The 19th‐century historian Henry Thomas Buckle expressed the view of many of his liberal contemporaries when he called religious persecution “unquestionably the greatest evil men have ever inflicted on their own species.” W. E. H. Lecky also found fertile soil in the history of persecution for his extensive investigations into the influence of ideas on the course of Western civilization. As he wrote, “the burnings, the tortures, the imprisonments, the confiscations, the disabilities, the long wars” precipitated by religious intolerance were chiefly due to men of unimpeachable character, “whose lives were spent in absolute devotion to what they believed to be true.”
Lord Acton was another classical liberal for whom the history of religious freedom provided a case study in the development of individual freedom in general. “Liberty of conscience is the first of liberties,” according to Acton. This liberty is the “underlying principle” of individual freedom, and it “was in the strife for liberty that conscience came to the front.”
Religious institutions played a key role in Acton’s history of freedom in European civilization. For centuries after the fall of the Western Roman Empire, the church was the only institution with the authority to challenge the power of feudal lords, monarchs, and emperors. Church and state contended for power, and if either had achieved total victory, “all Europe would have sunk down under a Byzantine or Muscovite despotism.”
A consistent principle of freedom was never upheld by either church or state, according to Acton, but while competing for allies, they granted sundry immunities and privileges to towns, parliaments, universities, guilds, and other corporations. These institutions were eventually able to resist the power of both church and state, so there evolved a decentralized system of power unknown to the ancient world and the East. Institutional barriers to arbitrary and absolute power, long advocated in theory, now existed in fact. Individual liberty was a fortunate by‐product of this system of decentralized power.
If these institutional factors may be said to have produced freedom as an unintended consequence, it also is true that religious freedom was defended with various theoretical arguments and from different ideological perspectives. Tertullian, an important figure in the early Latin church, called freedom of conscience “a fundamental human right.” One’s religion “neither harms nor helps another man,” so governments should not interfere. Moreover, Tertullian contended that “free‐will and not force” is the proper basis for religious belief. Similar arguments were proposed by Christian apologist Lactantius, according to whom “religion cannot be imposed by force,” but “must be carried on by words rather than by blows, that the will may be affected.” This argument, which maintains that religious faith cannot be meritorious unless freely given, would later play a major role in the Christian case for toleration.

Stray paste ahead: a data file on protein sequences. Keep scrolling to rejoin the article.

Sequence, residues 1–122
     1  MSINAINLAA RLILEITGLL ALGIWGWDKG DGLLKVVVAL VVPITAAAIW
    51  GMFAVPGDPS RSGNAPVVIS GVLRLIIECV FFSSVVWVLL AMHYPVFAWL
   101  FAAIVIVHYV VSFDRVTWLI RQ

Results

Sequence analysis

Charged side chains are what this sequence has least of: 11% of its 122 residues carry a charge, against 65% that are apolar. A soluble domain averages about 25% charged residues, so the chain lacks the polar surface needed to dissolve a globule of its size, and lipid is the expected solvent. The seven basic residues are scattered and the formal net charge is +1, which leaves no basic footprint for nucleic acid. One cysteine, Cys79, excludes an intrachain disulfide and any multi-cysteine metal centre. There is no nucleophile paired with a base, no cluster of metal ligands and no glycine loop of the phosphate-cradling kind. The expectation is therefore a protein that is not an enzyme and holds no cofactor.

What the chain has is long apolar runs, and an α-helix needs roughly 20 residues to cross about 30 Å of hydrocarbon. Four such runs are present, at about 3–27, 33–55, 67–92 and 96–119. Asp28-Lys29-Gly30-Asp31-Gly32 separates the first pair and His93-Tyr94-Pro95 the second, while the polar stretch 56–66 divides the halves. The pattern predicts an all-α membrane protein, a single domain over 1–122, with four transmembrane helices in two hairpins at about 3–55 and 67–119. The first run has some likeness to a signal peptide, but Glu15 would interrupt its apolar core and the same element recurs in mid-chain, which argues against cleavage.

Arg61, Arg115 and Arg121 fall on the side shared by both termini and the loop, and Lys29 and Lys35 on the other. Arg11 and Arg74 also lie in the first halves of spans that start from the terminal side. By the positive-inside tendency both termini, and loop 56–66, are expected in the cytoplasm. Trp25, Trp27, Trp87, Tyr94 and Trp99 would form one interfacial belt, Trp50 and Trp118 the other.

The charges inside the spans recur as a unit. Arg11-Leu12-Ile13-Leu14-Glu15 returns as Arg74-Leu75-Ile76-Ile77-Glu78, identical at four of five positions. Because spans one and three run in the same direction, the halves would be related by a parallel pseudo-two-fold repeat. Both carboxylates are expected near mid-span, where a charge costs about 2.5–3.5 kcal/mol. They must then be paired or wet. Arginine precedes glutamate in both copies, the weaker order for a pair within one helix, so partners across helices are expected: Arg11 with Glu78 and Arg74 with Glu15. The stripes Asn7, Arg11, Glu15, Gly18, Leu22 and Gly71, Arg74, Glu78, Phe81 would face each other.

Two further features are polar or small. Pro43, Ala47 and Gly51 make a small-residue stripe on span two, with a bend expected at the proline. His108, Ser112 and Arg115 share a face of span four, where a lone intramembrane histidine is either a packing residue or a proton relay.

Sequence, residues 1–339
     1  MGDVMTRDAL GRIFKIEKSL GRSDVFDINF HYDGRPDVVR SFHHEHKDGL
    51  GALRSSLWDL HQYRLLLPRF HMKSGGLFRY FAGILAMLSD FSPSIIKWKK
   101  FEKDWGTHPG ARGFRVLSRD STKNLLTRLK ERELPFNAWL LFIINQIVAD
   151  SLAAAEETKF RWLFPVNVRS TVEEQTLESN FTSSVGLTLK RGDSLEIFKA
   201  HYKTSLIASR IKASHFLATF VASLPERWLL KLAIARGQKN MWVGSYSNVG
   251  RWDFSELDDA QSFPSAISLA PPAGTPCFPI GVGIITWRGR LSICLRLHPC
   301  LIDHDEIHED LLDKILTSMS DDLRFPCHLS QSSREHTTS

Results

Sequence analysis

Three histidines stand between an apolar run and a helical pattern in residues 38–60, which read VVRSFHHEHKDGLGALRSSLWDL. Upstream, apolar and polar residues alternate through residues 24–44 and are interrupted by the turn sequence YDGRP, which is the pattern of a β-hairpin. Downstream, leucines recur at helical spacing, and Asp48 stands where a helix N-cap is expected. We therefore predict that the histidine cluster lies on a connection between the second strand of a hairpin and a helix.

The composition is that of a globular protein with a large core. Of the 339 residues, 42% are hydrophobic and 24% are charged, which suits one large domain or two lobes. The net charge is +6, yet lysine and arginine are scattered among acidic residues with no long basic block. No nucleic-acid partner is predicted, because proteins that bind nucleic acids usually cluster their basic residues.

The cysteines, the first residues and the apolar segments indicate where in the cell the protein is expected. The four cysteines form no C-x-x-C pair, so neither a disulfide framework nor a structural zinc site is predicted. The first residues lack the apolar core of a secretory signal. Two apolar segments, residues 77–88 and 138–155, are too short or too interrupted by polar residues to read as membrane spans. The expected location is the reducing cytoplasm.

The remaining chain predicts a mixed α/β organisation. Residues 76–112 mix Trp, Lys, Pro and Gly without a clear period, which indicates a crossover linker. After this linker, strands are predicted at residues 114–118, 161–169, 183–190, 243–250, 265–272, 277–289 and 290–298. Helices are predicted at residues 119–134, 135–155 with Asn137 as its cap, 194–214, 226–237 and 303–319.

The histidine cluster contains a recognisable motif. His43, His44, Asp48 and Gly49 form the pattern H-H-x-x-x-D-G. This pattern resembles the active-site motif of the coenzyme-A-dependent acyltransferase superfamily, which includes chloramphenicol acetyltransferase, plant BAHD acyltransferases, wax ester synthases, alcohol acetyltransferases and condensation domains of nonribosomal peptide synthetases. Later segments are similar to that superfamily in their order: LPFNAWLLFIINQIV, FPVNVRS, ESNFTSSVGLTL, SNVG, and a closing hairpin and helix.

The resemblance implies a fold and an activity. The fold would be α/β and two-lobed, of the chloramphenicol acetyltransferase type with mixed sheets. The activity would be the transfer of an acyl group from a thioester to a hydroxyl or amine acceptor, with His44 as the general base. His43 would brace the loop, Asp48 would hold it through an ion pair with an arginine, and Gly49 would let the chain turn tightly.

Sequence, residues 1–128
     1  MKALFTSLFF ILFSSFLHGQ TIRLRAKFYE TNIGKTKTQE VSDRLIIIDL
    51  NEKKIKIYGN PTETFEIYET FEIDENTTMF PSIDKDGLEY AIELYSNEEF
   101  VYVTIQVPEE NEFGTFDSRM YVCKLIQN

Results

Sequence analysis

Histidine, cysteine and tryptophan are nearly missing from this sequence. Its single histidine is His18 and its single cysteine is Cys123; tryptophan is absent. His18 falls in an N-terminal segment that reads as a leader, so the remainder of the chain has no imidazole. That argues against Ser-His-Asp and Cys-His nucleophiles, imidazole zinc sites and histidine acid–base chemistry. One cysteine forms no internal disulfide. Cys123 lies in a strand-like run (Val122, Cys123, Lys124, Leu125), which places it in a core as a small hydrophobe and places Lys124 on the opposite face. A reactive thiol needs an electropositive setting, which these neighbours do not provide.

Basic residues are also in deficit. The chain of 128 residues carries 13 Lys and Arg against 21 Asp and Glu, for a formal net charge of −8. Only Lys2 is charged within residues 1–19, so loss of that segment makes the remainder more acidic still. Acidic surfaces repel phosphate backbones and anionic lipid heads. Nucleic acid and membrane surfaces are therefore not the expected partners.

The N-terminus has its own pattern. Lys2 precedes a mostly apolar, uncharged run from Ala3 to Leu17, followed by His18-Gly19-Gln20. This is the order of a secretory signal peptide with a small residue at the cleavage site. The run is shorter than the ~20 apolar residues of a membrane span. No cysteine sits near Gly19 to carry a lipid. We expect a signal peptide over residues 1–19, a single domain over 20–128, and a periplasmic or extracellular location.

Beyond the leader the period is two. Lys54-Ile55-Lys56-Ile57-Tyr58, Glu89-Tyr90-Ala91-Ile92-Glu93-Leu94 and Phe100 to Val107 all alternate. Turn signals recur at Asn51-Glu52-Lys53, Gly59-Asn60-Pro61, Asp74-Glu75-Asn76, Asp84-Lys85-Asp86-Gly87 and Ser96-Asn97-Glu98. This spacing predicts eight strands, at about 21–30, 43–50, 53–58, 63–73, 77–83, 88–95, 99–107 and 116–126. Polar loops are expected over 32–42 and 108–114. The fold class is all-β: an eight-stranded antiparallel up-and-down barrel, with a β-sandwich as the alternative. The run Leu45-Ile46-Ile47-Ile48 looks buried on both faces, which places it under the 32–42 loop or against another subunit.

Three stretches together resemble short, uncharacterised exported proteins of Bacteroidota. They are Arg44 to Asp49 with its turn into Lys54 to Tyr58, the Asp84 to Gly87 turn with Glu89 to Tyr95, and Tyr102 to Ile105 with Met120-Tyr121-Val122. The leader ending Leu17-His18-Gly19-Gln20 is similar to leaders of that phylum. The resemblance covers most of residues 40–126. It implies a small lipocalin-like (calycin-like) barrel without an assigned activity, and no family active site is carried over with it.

Christian pleas for toleration became less common after Constantine issued the Edict of Milan (313), which established religious liberty as a fundamental principle of public law. Constantine then bestowed special favors on the Christian church, effectively renouncing certain sections of the Edict. His Christian successors continued to extend a degree of religious freedom until Theodosius totally revoked the Edict of Milan during his despotic reign. This emperor established orthodox Christianity as the official religion, outlawed pagan worship and rituals, and decreed severe penalties for heresy. Thus, in the words of Lord Acton: “Christianity, which in earlier times had addressed itself to the masses, and relied on the principle of liberty, now made its appeal to the rulers, and threw its mighty influence into the scale of authority.”
Even after the church abandoned the notion of liberty of conscience, it sometimes functioned as a protective buffer between the state and the people. “Render unto Caesar the things that are Caesar’s, and unto God the things that are God’s”—these words of Jesus suggested a sphere in which the church reigns supreme, a sphere immune to state power. Ambrose, Bishop of Milan from 374 to 397, fiercely defended this principle. No friend of religious liberty, Ambrose nevertheless believed in the independence of the church: “Palaces belong to the emperors, churches to the priesthood.” He also believed that the church could call secular rulers to account. “Thou art a man,” said Ambrose to Theodosius after this despot had ordered a brutal massacre in Thessalonica. Threatened with excommunication, Theodosius submitted to Ambrose’s demand for public penance. As this astonishing story was recalled in later centuries, it did more to limit state power than volumes of theory.